Who could’ve seen this one coming? Apple surprised no one this morning with brand new iMacs. Built from aluminum and glass, the new all-in-one desktops feature a complete redesign and will come in two sizes: 20-inch and 24-inch. There’s the usual compliment of ports like USB 2.0, Firewire 400 / 800, a slot loading SuperDrive, iSight camera and so forth. The new look features a glossy display to match the majority of Apple’s consumer lineup, and new keyboards are indeed coming along for the ride — in an extended wired version as well as a mini wire free model, running the Bluetooth 2.0 spec. Under the hood Apple has up to a 2.4GHz Core 2 Extreme processor, ATI Radeon HD 2600 Pro graphics, up to 1TB of storage, 802.11n and Bluetooth 2.0, with 8x SuperDrives and 1GB of RAM standard across the board. Prices start at $1,199 for the 20-inch, $1,499 for a processor and graphics bump, and $1,799 for the 24-incher. The full rundown of Apple’s stock models is after the break.
It was just a matter of time:
Earlier this year Netflix announced a new service that would allow you to watch a limited number of videos online instead of waiting for the DVDs to come in the mail. The service is free with your regular subscription. If you pay $17/month for access to 3 DVDs at a time, you can watch 17 hours of video per month. If you pay $5 per month for access to 2 DVDs per month, you can watch 5 hours of video online.
There’s just one problem. You have to watch on Netflix’s terms. The video player is browser based, and the movies are encoded using Windows Media DRM. If you want to begin a movie now and finish it later, you’re out of luck. Or if you want to copy it to a portable device for viewing during your morning commute (on the train, not while driving, of course!), no soup for you.
Well, the smart folks over at the Rorta forums seem to have cracked the code, using Internet Explorer, Windows Media Player 11, FairUse4WM, and Notepad. The solution involves finding the URL of the video file, downloading it, acquiring the license key and then stripping the DRM. It’s a bit involved, and will probably take longer than just sitting down and watching the movie. But hey, it’s the principle of the thing, right?
Although I’m not sure if it can be considered a success since the cat starts washing himself instead of playing with the toy.
Throughout history, it is the deep-pocketed madmen who tend to leave behind the biggest wonders. And while last month’s election of the New Seven Wonders of the World hints at this point — the emperors who fed Christians to the lions in the Roman Coliseum were neither mild-mannered nor impoverished — they’re basically positive tributes to mankind’s triumphant, enduring half. But what of the tyranny that drove men to produce such wonders? On some level, each of the New Seven is also a colossal monument to narcissism, either some ruler or some culture’s desire to go bigger and leave a mark that cannot be erased — a sentiment not unlike the one held by some of today’s most ruthless dictators.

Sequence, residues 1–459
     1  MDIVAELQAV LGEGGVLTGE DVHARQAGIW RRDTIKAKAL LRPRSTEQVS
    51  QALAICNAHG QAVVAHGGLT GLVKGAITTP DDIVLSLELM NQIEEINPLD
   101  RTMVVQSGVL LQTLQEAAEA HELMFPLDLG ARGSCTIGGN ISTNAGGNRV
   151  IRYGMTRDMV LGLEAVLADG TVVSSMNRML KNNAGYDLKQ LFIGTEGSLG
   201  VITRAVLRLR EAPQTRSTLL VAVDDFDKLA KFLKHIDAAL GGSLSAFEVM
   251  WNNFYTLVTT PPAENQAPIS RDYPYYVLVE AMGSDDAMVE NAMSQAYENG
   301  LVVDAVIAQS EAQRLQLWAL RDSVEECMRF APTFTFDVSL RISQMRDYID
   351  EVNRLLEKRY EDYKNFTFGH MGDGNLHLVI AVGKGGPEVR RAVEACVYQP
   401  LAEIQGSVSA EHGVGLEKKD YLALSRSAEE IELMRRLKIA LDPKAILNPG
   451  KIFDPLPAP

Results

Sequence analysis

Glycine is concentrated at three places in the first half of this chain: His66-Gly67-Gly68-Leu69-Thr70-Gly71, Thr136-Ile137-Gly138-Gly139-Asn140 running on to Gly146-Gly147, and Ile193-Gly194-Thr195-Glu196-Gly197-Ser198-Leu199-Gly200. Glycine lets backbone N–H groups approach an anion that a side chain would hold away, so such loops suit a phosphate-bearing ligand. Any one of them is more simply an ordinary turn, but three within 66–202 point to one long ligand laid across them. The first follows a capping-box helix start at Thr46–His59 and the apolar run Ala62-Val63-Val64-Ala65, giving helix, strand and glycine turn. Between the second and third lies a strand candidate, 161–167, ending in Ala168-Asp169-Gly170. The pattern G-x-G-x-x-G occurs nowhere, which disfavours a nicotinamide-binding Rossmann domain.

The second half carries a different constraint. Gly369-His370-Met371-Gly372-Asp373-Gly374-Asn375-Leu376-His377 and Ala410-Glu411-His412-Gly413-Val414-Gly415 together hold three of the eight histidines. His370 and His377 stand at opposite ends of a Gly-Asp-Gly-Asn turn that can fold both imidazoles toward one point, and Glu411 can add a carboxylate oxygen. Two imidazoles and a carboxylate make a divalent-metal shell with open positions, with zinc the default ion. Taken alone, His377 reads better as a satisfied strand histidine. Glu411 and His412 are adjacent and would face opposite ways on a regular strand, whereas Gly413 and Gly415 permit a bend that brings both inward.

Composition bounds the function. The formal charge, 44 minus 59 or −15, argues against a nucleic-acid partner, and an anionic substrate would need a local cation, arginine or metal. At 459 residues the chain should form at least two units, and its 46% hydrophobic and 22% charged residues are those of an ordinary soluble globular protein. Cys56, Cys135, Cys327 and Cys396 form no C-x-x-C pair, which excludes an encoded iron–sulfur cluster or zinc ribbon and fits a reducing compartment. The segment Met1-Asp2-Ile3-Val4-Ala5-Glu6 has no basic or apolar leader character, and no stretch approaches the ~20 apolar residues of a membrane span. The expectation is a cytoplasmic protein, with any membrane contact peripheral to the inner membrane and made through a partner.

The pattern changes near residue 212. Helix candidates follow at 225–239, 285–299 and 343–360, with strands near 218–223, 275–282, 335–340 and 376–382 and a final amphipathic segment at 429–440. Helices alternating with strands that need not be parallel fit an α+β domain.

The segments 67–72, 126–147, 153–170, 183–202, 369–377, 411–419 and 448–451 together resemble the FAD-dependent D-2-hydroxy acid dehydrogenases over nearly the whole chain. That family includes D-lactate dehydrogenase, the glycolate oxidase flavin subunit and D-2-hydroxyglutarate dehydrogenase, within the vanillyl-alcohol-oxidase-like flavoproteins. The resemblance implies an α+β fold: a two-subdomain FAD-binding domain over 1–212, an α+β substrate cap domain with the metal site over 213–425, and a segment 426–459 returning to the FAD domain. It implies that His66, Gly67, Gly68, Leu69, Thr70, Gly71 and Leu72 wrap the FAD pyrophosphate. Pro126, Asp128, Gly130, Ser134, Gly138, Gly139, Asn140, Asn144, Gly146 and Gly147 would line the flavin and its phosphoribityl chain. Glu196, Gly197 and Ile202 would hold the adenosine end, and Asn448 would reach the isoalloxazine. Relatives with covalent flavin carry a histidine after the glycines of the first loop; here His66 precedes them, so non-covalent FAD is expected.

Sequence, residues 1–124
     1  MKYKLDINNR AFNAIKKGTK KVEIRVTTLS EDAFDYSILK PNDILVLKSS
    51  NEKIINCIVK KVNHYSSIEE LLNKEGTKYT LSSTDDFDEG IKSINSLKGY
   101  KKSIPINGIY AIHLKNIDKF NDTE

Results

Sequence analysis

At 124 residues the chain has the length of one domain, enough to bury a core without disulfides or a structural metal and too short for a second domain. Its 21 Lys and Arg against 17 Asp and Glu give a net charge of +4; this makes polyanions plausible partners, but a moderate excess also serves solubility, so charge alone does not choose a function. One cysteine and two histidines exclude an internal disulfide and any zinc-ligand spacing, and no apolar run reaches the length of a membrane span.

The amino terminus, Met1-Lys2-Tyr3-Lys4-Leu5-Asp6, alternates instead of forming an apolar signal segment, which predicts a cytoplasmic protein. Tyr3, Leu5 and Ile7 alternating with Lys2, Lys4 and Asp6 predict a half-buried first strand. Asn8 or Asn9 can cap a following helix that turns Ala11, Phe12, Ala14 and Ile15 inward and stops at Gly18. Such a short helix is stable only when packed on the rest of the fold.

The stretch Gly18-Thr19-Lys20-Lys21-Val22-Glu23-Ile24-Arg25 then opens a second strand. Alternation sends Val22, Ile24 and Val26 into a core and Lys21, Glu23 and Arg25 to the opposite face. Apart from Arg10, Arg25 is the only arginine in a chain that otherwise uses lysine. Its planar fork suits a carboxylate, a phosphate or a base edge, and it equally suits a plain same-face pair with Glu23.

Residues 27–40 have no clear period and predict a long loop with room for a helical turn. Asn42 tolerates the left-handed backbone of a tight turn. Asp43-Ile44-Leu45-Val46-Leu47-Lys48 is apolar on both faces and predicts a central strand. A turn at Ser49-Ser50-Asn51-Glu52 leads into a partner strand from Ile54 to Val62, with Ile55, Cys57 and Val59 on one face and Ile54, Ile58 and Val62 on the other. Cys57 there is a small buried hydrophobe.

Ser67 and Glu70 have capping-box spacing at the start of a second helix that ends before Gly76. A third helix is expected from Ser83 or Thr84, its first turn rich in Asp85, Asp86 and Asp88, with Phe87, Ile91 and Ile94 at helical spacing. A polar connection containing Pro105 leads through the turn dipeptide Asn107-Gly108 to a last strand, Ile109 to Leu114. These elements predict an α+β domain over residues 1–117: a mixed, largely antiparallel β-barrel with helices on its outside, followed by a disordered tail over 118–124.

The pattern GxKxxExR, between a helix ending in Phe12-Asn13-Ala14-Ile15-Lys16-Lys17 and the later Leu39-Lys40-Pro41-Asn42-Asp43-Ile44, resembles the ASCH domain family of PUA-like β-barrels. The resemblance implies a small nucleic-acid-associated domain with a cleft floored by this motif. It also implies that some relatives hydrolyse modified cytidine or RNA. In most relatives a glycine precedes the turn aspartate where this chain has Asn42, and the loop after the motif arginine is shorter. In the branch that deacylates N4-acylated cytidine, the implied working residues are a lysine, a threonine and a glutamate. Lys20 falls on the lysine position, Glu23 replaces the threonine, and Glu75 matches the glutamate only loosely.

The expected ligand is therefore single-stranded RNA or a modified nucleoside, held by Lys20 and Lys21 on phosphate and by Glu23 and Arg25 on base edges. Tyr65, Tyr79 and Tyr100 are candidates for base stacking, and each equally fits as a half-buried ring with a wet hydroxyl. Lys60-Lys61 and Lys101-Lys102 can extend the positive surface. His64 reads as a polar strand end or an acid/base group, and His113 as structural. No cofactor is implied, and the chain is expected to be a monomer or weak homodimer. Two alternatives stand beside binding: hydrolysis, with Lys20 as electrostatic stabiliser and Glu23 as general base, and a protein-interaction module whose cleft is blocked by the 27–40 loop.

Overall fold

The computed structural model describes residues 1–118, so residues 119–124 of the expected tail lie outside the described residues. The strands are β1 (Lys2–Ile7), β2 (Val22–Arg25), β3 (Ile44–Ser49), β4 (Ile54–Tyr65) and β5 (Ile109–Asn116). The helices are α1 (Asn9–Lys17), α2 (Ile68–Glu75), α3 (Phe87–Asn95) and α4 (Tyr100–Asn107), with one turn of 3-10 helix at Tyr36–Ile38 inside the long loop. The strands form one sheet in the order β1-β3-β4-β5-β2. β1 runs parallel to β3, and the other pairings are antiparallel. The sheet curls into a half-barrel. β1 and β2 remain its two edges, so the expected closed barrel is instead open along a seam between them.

In the long night of savagery, in the midst of pestilence and
famine, through the long and dreary winters, crouched in dens of
darkness, the seeds of superstition were sown in the brain of man.
The savage believed, and thoroughly believed, that everything
happened in reference to him; that he by his actions could excite
the anger, or by his worship placate the wrath, of the Unseen. He
resorted to flattery and prayer. To the best of his ability he put
in stone, or rudely carved in wood, his idea of this god. For this
idol he built a hut, a hovel, and at last a cathedral. Before these
images he bowed, and at these shrines, whereon he lavished his
wealth, he sought protection for himself and for the ones he loved.
The few took advantage of the ignorant many. They pretended to have
received messages from the Unknown. They stood between the helpless
multitude and the gods. They were the carriers of flags of truce.
At the court of heaven they presented the cause of man, and upon
the labor of the deceived they lived.
Robert Green Ingersoll – “Why I Am Agnostic”
From Wired’s Threat Level:
According to DefCon staff, Madigan had told someone she wanted to out an undercover federal agent at DefCon. That person in turn warned DefCon about Madigan’s plans. Federal law enforcement agents from FBI, DoD, United States Postal Inspection Service and other agencies regularly attend DefCon to gather intelligence on the latest techniques of hackers. DefCon holds an annual contest called Spot the Fed, in which attendees out people in the audience they think are undercover federal agents. The contest is good-natured, but the feds who get caught are generally ones who don’t mind getting caught.
DefCon staff say that Madigan was asked four times — two times on the phone and two times at the conference — if she wanted to obtain press credentials, but she declined.
DefCon staff lured her to a large hall telling her that the Spot the Fed contest was in session and that she could get a picture of an undercover federal agent at the contest. When she sat down, Jeff Moss, DefCon’s founder, announced that they were changing the game. Instead of Spot the Fed, they were going to play Spot the Undercover Reporter and then announced, “And there’s one in here right now.” Madigan, realizing she’d been had, jumped from her seat and bolted out the door with reporters carrying cameras chasing after her through the parking lot and to her car.
Video of the reporter being outed.